Elgar original reference
Edited by Chris Brewster and Wolfgang Mayrhofer
Chapter 1: Comparative Human Resource Management: An Introduction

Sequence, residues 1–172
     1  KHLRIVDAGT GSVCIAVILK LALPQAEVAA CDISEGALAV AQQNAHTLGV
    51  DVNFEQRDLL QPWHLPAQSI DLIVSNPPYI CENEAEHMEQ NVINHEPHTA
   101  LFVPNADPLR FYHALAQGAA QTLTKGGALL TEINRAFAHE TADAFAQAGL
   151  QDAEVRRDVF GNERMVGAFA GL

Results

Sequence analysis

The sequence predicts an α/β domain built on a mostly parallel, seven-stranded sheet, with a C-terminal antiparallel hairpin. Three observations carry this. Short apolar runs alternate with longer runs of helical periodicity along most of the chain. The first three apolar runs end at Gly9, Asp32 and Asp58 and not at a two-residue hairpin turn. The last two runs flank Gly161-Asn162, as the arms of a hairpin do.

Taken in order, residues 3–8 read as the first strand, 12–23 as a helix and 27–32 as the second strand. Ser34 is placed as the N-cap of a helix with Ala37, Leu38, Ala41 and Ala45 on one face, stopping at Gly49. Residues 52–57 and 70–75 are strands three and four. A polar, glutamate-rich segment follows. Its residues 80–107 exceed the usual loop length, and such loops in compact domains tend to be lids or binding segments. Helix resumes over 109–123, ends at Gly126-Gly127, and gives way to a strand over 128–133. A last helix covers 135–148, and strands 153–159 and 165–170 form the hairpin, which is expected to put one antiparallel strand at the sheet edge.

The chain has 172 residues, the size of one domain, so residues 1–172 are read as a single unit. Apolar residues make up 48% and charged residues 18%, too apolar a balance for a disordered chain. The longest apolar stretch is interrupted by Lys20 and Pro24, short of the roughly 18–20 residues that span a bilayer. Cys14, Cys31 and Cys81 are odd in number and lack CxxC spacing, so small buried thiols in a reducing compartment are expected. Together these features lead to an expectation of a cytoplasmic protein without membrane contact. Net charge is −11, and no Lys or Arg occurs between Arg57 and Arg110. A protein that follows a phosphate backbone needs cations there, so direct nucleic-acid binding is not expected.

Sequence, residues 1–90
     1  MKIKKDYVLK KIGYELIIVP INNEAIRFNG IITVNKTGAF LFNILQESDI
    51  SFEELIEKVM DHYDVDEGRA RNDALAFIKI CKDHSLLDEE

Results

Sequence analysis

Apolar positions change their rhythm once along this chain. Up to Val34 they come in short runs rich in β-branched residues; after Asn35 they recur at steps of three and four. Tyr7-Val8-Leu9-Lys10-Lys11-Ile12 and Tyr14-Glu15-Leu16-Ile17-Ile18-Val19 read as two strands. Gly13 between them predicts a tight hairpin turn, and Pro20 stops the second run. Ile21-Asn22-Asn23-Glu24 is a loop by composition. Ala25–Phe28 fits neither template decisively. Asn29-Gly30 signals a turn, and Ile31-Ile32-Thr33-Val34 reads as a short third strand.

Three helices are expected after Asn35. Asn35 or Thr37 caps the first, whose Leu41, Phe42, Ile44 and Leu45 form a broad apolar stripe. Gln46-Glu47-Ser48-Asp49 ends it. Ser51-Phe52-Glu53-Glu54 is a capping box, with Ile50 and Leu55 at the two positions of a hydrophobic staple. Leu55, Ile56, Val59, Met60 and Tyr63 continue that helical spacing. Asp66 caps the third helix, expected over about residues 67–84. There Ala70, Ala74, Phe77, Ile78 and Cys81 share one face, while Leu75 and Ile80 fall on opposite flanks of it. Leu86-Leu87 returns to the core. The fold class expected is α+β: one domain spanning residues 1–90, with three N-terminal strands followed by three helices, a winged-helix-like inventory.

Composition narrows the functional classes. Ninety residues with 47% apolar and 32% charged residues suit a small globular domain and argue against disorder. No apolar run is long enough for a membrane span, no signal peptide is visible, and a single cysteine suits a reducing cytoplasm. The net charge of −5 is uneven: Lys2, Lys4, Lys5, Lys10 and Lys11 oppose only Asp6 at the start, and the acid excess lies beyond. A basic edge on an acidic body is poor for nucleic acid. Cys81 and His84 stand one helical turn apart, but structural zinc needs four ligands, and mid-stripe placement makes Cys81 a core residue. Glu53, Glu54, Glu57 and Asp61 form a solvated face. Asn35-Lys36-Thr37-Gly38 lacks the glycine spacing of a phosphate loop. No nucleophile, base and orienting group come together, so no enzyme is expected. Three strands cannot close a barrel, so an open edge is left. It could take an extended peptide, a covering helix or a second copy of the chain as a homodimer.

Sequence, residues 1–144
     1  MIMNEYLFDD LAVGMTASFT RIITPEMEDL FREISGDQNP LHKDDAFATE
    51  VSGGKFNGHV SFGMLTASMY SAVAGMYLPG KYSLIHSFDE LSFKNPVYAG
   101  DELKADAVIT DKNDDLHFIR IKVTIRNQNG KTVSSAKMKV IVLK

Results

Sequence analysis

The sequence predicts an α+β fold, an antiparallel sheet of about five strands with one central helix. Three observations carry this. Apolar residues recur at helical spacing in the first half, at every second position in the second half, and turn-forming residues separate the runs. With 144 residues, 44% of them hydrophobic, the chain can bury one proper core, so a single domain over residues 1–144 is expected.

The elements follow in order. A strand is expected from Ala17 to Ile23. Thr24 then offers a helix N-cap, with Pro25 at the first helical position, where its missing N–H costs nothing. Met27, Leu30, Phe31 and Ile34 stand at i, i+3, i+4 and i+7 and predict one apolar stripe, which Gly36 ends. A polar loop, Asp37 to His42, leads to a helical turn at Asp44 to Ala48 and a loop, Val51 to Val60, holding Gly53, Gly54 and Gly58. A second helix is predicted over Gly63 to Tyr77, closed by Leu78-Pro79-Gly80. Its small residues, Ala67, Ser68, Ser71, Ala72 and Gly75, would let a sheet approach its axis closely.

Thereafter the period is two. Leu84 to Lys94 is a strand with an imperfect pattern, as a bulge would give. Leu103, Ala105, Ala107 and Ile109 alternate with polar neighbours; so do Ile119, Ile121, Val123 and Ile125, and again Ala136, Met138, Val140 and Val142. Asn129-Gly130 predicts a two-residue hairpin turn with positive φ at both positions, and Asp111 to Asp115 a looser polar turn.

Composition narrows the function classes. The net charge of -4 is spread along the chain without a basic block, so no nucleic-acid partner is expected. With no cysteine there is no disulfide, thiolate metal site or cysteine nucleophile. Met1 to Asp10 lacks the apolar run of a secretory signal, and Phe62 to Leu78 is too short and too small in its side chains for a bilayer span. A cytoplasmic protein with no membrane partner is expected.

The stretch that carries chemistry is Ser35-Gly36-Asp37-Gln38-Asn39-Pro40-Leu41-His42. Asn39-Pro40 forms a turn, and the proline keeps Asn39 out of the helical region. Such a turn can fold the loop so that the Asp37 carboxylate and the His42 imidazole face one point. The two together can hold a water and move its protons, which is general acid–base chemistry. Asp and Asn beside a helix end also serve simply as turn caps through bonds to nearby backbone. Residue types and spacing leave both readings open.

Chris Brewster and Wolfgang Mayrhofer This is the first book to bring together, systematically, expert researchers studying comparative human resource management (HRM). The need for a comparative book is, we believe, manifest, and the subject is increasingly researched and taught, either as part of a general HRM or international HRM course. This Handbook of Research on Comparative Human Resource Management draws on the work of some of the world’s leading researchers to present the current state of the art to academic scholars and practitioners. HRM as a subject for study and teaching was identified and popularised in the United States in the late 1970s and early 1980s, encapsulated in two famous textbooks (Beer et al., 1985; Fombrun et al., 1984). The two books took different approaches, but both differentiated HRM from personnel management (the administration of employment). They argued that the latter involved running, monitoring and controlling the employment systems within the organisation, whilst HRM involved more integration of personnel policies across functions and with the corporate strategy (with HRM being the downstream function); a greater role for line managers; a shift from collective to individual relationships; and an accent on enhancing company performance. In HRM workers are a resource: they ‘are to be obtained cheaply, used sparingly and developed and exploited as fully as possible’ (Sparrow & Hiltrop, 1994: 7) in the interests of the organisation. The processes of managing people in a systematic and consistent way with the intention of ensuring their effective contribution to the success of the...